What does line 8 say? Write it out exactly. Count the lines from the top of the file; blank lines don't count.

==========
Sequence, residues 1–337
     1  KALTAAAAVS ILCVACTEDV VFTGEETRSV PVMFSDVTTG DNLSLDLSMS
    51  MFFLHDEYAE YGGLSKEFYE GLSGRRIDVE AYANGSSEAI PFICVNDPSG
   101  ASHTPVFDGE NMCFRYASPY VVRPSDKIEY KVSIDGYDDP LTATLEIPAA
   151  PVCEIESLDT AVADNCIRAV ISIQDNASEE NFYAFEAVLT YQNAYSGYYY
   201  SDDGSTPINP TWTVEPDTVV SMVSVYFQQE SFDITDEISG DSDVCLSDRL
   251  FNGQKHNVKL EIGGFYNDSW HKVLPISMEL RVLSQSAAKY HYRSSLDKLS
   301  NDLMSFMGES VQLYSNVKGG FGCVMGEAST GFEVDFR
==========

   301  NDLMSFMGES VQLYSNVKGG FGCVMGEAST GFEVDFR